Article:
Guide A Diet to Die For: A Skinny Mystery (Skinny Mysteries)

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Throw in a loan shark, a nosy neighbor, and a murder attempt, and Izzy will have her work cut out for her. Tuck yourself into your favorite spot and join Izzy on her first adventure today! About what I would be doing.

The honor of protecting someone from harm. I crossed the lobby and entered a waiting elevator. No gun. No Taser. No combat or defense training.

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I did have a hard knot of nerves in my stomach though. Would a bad guy be intimidated if I threatened to release the butterflies? Some strands were stuck to my neck, subdued by sweat, but the rest was likely poking in all directions. I watched the golden numbers light up one by one. In typical Los Angeles fashion, even the damn elevator was more glamorous than me. Aunt Alice and her perfect children never had problems getting their hair to behave. They were probably above sweating too. It was insulated and silent, far removed from the heat and bustle of the street below and untouched by my mounting tension.

Ignoring the way anxiety had me projecting my feelings onto an inanimate building, I squinted at my palm. But I could just make out the smudgy figures: I walked until I found the matching plaque and made sure my shaking hand gave a firm, audible knock. Floor-to-ceiling windows filled the space with natural light, all the better for calling attention to the distinct lack of furniture. Despite the generous square footage, it was furnished with only two expensive-looking chairs and a sleek rosewood desk with nothing on it but the token MacBook Pro. He was dauntingly handsome, with none of my insecurity, and dark hair that was cropped far too short to even think of misbehaving.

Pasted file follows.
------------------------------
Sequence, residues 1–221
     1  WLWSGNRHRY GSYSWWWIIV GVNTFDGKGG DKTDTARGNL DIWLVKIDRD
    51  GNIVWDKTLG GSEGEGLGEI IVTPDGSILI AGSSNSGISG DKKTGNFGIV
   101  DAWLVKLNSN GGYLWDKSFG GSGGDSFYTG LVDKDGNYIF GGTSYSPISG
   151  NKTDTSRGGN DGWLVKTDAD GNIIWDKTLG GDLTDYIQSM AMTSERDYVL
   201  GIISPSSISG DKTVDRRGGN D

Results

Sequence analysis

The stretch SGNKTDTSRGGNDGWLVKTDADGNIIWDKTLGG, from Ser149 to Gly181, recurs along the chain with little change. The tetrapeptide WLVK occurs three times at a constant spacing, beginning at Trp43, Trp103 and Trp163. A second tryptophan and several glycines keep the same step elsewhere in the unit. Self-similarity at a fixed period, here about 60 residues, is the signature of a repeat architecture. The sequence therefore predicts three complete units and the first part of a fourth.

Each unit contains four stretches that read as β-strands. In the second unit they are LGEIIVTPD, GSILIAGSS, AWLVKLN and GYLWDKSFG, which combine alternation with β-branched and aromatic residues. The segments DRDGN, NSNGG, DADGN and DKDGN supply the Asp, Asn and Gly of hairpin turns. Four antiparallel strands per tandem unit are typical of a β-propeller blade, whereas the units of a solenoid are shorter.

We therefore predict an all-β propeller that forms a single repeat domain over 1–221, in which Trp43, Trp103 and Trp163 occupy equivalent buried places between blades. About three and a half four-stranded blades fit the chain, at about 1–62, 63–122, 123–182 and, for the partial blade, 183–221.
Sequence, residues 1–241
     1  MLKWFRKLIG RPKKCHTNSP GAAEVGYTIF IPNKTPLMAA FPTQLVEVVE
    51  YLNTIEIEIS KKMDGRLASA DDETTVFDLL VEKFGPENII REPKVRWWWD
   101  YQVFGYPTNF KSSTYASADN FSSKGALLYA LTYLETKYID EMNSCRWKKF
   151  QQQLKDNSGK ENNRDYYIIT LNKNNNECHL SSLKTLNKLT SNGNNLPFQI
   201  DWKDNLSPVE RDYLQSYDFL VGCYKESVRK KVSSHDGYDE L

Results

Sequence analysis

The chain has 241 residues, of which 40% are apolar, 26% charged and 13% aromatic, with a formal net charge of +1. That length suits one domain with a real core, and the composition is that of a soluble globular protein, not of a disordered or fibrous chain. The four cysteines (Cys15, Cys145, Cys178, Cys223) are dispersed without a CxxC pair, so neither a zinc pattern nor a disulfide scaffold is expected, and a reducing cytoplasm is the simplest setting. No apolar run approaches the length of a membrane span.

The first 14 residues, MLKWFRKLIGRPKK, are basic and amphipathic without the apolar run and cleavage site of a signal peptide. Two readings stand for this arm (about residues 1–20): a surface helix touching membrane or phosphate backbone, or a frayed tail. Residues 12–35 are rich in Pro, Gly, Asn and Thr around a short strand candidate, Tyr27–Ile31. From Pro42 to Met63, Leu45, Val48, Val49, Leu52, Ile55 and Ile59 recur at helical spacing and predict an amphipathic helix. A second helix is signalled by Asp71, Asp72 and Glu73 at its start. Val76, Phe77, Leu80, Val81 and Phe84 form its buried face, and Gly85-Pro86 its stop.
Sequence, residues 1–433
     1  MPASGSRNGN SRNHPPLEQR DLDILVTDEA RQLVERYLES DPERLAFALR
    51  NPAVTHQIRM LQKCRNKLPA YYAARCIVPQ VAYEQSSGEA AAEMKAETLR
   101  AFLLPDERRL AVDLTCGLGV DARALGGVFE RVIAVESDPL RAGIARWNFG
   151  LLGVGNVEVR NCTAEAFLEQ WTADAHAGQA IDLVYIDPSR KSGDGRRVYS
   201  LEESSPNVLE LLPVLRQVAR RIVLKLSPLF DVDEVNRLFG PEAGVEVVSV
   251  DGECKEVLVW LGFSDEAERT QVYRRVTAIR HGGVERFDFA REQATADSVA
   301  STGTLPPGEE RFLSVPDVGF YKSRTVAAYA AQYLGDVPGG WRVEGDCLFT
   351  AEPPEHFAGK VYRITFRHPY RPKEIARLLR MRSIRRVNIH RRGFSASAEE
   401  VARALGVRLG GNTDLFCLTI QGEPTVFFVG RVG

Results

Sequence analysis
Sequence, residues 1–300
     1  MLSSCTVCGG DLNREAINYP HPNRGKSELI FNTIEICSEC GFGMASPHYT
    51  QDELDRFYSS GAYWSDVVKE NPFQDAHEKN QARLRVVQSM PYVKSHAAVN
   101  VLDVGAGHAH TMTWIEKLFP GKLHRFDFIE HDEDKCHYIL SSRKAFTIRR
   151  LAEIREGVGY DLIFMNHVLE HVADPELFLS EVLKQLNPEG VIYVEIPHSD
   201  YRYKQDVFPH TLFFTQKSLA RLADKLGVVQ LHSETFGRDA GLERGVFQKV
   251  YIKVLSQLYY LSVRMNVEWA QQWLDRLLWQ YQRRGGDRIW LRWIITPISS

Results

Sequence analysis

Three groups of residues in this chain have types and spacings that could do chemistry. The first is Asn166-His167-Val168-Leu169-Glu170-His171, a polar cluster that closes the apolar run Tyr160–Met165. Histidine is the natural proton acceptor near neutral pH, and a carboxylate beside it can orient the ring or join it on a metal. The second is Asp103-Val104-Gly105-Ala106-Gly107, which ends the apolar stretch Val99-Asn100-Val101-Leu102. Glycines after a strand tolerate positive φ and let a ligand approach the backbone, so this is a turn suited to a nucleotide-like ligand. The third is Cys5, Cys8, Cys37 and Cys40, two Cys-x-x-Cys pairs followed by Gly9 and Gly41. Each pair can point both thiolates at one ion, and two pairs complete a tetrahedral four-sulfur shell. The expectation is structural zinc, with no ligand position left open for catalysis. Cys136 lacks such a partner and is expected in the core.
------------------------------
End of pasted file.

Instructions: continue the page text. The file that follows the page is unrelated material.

The no-nonsense style seemed at odds with the swankiness of his office, hinting he might be more practical than the decor suggested. My gaze dropped to his eyes. The clean-shaven square jaw and broad shoulders did not soften his image. For a fleeting second, I wished it was his hands doing the roaming. Then I remembered why I was here. Galen, physician to the Roman emperor, considered it a cushion for the blood vessels around it, with no other purpose.

Honestly, do blood vessels ever need a cushion? Galen probably got that idea from Herophilus, the man who first described the pancreas.


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Herophilus made his discovery through a medical practice he had pioneered: public dissections of human bodies—perhaps even some not yet quite dead. Forbidden from continuing that tradition, Galen made do with pigs. Translation can be such a pesky thing. After the medical profession discarded that cushion idea, doctors considered the pancreas a waste collector: pancreas was to spleen as gall bladder is to liver.

However, a Dutch medical student, who would later discover ovulation, proved the pancreas produced an important fluid. Fortunately, de Graaf began his medical discoveries very young; he was killed by the bubonic plague when he was The year he succumbed to the plague, a Swiss doctor removed the pancreases of several dogs. Most of his research specimens ran away—they had been stolen and ran back to their owners—but those that stayed grew thirstier and thirstier, urinated much, and died within a few months.

So much for the waste collector idea. When I learned my mother had pancreatic cancer, I was insufficiently fazed.

I try now to imagine what I was thinking, before I knew what I should have been thinking. In a New England doctor wrote down the recipe for an anti-tumor balm. Simmer one part rosin beeswax and four parts mutton suet.

Add one ounce lead to a pound of salve. Simmer until lead dissolves.

Humorous Mysteries

All, like lead, are deadly poisons. Some doctors tried to starve out cancers by restricting their patients to distilled water; others instructed their patients to swallow dozens upon dozens of skinned, gutted, still-palpitating green lizards. Something inside of her is calling her back to the desert. Why else would be preparing spicy Mexican meatball soup at her cottage in Maine when the menu clearly calls for clam chowder?

But once she arrives home, Mrs.


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